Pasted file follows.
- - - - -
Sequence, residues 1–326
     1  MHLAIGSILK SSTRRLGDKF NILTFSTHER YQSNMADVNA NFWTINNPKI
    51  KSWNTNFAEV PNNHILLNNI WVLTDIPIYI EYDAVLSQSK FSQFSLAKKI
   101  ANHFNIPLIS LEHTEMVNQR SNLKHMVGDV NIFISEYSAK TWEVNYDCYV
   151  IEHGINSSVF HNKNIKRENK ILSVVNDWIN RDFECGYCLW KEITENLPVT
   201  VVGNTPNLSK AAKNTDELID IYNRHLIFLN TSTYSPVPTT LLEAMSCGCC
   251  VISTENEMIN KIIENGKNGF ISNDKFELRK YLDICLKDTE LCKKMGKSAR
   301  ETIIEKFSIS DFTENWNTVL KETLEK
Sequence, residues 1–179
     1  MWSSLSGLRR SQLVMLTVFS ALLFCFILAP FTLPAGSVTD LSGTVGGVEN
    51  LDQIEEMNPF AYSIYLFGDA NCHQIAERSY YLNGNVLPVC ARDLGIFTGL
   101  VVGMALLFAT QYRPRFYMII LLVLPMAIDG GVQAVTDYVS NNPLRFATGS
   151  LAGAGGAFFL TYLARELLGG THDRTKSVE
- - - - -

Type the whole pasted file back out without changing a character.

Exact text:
Sequence, residues 1–326
     1  MHLAIGSILK SSTRRLGDKF NILTFSTHER YQSNMADVNA NFWTINNPKI
    51  KSWNTNFAEV PNNHILLNNI WVLTDIPIYI EYDAVLSQSK FSQFSLAKKI
   101  ANHFNIPLIS LEHTEMVNQR SNLKHMVGDV NIFISEYSAK TWEVNYDCYV
   151  IEHGINSSVF HNKNIKRENK ILSVVNDWIN RDFECGYCLW KEITENLPVT
   201  VVGNTPNLSK AAKNTDELID IYNRHLIFLN TSTYSPVPTT LLEAMSCGCC
   251  VISTENEMIN KIIENGKNGF ISNDKFELRK YLDICLKDTE LCKKMGKSAR
   301  ETIIEKFSIS DFTENWNTVL KETLEK
Sequence, residues 1–179
     1  MWSSLSGLRR SQLVMLTVFS ALLFCFILAP FTLPAGSVTD LSGTVGGVEN
    51  LDQIEEMNPF AYSIYLFGDA NCHQIAERSY YLNGNVLPVC ARDLGIFTGL
   101  VVGMALLFAT QYRPRFYMII LLVLPMAIDG GVQAVTDYVS NNPLRFATGS
   151  LAGAGGAFFL TYLARELLGG THDRTKSVE